Kevin Nash Wasn't Surprised By Results When Former WWF Star Joined WCW

The Ultimate Warrior's stint in WCW in 1998 lasted barely six months and included all of three matches — the last of which was a loss against Hollywood Hogan at that year's Halloween Havoc. Subsequently, many wrestling pundits and fans alike criticized former WCW President Eric Bischoff for rolling the dice on signing Warrior, who had developed an unfavorable reputation during his years in WWE.

Reflecting on Warrior's brief WCW run on his "Kliq This" podcast, Kevin Nash was asked about the reactions in the WCW locker room when word spread of Warrior's impending arrival. Nash would preface his response by paying his respects to the late memory of Warrior, who died in 2014.

"The man's dead, and from a point of respect, I will just say that I knew that it was going to be f—ing awful," Nash said. "Because I dealt with him at a human level in Phoenix, and he was completely insane."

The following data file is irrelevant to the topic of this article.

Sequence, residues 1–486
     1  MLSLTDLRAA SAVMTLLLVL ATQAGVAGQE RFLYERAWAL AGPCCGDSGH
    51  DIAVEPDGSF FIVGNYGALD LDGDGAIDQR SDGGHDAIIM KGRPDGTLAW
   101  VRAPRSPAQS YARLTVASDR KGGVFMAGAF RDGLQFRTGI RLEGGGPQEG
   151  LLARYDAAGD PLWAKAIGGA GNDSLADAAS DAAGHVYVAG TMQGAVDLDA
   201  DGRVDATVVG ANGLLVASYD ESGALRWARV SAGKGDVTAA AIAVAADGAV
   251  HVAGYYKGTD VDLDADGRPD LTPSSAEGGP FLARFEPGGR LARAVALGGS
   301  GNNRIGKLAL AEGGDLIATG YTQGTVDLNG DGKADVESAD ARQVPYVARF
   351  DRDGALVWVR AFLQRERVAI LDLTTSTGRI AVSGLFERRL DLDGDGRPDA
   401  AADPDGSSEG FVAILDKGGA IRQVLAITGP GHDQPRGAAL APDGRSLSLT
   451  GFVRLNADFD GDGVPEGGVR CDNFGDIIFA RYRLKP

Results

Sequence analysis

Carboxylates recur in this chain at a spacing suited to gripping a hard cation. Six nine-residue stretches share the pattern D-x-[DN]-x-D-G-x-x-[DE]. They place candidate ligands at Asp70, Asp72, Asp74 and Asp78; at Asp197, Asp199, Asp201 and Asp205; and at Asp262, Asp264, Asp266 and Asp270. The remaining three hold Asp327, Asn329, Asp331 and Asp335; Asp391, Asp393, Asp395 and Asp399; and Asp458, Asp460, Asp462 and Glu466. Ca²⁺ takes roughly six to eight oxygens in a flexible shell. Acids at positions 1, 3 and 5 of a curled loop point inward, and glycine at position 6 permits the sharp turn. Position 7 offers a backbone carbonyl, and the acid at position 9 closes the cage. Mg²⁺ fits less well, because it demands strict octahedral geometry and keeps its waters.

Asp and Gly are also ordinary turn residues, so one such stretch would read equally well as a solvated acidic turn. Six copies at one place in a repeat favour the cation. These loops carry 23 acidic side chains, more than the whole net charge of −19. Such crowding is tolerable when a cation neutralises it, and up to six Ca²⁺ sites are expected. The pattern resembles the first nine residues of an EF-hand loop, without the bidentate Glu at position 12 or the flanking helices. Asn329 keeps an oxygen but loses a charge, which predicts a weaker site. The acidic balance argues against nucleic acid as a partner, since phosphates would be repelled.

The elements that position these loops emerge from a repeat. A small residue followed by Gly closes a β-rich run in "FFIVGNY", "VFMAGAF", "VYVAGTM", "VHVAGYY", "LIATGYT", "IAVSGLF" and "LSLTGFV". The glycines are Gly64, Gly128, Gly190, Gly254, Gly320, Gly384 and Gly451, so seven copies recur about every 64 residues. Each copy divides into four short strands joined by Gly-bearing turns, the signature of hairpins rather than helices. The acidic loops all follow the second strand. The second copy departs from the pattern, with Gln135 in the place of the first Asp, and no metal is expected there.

When asked if Bischoff was justified in signing Warrior and changing up his presentation – a strategy that worked with Hogan — Nash suggested that Warrior wasn't versatile enough to switch up his character. "He had already sh*t the bed in New York [in WWE]," Nash stressed. "How do you use him differently? If Vince [McMahon] can't control him, and if Vince doesn't want him, then, Jesus, man, I mean..."

Over the years, many have argued that Bischoff brought in Warrior in an attempt to regain control of the Monday Night Wars, seeing as "WWE Raw" had started to defeat "WCW Nitro" in the ratings by April 1998. Bischoff would try out several other strategies to win the ratings war that year, including the NWO civil war storyline, Bill Goldberg's victory over Hogan, and the reunion of The Four Horsemen. However, the momentum generated by the Steve Austin vs. Vince McMahon rivalry and The Rock's ascension would prove too much for WCW.